Upon entering the arena before the opening ceremony (if playing a video, albeit done beautifully, on the big screens counts as a ceremony), I was taken aback by the lights and production setup. I mean, the Kuala Lumpur Major was my first major Dota 2 event so I didn’t really know what to accept but I was quite overwhelmed at first. At this point the arena seats were quite bare and there were a handful of people at the media seats setting up their cameras and laptops. The stage was minimalistic; 5 PCs arranged in an L-shaped on both sides with the trophy upon a pedestal center-stage. Long red carpets laid across the arena leading to player entrances/exits on opposite corners seemed to further highlight all the empty space surrounding the tournament area. The lights show and the large HD screens were really impressive. Every bit of detail, from the cosmetics of the heroes in-game to strands of hair on the players, was clearly visible on-screen. As each drafting phase ended, the lights would be dimmed and the arena would only be illuminated by the huge screens. Animated LED panel strips ran along the walls of the arena and were synced with the game, so the strips would display the classic “FIRST BLOOD”, “DOUBLE KILL” and so on so forth. Production value at its finest, I can’t get that on my laptop. Kudos to the camera crew for recording funny moments with the crowd. There were so many memes caught on camera and it was heartwarming to share smiles and laughter with everyone in the arena.

Millionaires before 25.

The Kuala Lumpur Major began with Team Secret facing off against PSG.LGD, runners-up for TI8. A Malaysian in each team, this first match was honestly the best way to kick off the event as the arena, albeit not being at full capacity, was brought to life by the cheers and roars of avid Dota 2 fans. We were all cheering with Malaysian pride, supporting our local boys who have made it to the big leagues. For all 3 days, whenever the camera panned to MidOne (Yeik Nai Zheng) or xNova (Jian Wei Yap), the crowd went wild, myself included. Just to be clear, it’s not like the crowd was silent during other matches. Rest assured, the crowd was just as loud when big plays were made, and there were tons of high-skill moments throughout the 3 days. Malaysians really appreciate Dota 2, since before the glory days of Mushi (Chai Yee Fung) and ChuaN (Wong Hock Chuan) which leads me to another highlight of the Kuala Lumpur Major; the press conference on Day 2 with YB Syed Saddiq, Minister of Youth and Sports.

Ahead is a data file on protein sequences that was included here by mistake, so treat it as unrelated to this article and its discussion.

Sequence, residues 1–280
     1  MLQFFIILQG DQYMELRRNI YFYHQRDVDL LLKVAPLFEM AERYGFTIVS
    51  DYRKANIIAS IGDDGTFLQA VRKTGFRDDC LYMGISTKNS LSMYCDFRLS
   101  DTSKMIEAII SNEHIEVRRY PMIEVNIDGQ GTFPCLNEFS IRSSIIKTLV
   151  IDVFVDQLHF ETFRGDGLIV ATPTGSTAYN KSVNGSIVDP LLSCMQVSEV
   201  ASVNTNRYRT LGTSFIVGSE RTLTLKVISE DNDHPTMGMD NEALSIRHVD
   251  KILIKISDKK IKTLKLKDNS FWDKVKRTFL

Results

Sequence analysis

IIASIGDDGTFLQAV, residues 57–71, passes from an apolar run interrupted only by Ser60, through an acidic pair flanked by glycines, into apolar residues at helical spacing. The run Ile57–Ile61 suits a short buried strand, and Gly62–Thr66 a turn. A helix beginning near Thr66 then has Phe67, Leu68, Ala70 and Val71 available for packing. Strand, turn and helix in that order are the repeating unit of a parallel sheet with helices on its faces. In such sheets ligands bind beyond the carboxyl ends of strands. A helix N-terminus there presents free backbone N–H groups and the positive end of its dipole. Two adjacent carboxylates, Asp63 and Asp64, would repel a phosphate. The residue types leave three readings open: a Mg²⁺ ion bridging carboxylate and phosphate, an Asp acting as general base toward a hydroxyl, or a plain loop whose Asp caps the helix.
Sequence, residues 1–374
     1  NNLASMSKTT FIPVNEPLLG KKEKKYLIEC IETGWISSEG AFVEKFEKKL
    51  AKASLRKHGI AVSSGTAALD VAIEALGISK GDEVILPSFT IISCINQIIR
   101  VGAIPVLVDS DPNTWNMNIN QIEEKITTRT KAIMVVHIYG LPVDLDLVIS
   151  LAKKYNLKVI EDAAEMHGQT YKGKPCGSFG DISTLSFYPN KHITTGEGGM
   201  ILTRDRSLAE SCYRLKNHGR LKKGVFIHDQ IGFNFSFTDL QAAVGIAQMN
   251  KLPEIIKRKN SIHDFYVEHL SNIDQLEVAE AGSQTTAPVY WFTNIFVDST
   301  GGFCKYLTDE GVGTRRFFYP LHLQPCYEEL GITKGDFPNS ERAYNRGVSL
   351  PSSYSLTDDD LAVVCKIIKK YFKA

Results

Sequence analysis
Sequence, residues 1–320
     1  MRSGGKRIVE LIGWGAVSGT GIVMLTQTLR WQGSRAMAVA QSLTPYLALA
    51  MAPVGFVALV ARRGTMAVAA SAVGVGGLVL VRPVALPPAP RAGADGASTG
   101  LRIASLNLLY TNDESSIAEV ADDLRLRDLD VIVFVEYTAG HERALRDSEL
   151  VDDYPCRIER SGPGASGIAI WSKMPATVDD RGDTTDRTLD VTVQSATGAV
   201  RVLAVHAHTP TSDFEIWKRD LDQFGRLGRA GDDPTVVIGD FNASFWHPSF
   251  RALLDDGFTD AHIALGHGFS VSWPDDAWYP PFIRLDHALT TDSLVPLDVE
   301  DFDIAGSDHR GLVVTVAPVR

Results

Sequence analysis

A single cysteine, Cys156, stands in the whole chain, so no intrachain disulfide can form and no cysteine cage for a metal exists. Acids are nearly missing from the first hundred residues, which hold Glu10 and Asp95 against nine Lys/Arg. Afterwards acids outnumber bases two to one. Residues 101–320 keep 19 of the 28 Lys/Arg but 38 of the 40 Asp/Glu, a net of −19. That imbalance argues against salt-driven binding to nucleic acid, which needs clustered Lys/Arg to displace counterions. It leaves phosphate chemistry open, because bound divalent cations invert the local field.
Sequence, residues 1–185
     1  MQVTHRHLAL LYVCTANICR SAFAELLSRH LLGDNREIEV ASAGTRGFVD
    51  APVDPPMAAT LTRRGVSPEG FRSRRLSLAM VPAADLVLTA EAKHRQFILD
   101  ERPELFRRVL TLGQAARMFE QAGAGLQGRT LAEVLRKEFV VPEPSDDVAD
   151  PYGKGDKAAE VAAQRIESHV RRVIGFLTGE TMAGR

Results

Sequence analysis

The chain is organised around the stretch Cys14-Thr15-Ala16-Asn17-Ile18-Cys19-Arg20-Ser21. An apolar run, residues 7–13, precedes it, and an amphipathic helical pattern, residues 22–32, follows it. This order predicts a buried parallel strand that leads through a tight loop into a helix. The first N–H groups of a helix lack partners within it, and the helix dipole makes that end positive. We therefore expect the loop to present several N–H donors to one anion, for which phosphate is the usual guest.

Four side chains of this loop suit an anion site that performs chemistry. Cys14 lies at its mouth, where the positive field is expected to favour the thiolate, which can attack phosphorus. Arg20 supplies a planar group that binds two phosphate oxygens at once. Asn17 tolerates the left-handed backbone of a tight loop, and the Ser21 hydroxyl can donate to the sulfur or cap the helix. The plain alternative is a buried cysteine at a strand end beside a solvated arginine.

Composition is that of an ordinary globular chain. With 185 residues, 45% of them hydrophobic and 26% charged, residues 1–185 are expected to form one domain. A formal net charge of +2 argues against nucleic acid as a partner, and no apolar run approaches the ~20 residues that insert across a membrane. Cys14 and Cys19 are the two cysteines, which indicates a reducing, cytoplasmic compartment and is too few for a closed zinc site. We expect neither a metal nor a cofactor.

“People would say kaki main game [he’s a gaming addict], Saddiq is menteri gamer [minister of gamers]. I don’t care,” – YB Syed Saddiq

At the press conference, YB Syed Saddiq was joined by Lee Choong Khay, Chief of Sports for Astro, Silviu Stroie, CEO of PGL and Zhang Zexi, COO of Imba TV. The main theme of the conference, at least from my understanding, was the growth of esports both regionally and locally and how all these different industries and governmental bodies can work together to bolster, innovate and sustain esports. YB Syed Saddiq made rather powerful remarks during the press conference, ranging from direct criticism of local organiser(s) to reforming the current esports body in Malaysia: Esports Malaysia (ESM). At the time of writing, the past month or so has been quite a roller-coaster ride for the esports scene in Malaysia, with the government allocating RM10mil in the national budget for 2019 and technological powerhouse Razer from our neighbouring country, Singapore, following suit with RM10mil of their own to be pumped into Malaysian esports and not to mention the rather controversial Malaysia Esports Convention earlier this month, which saw the local esports community working hand-in-hand to salvage the event itself. Nonetheless, there’s more than enough proof that esports in Malaysia is thriving and yearning to expand, more than ever before.  As someone who plays games, watches esports and appreciates gaming in general, its quite surreal to have a government that is so supportive of what used to be the subject of nagging and scolding for so many years. Instead of “I want to play games for fun”, perhaps soon we’ll be able to say “I want to play games to represent Malaysia to the world”. At the very least, we now have a guy on the inside who shares our line of thought.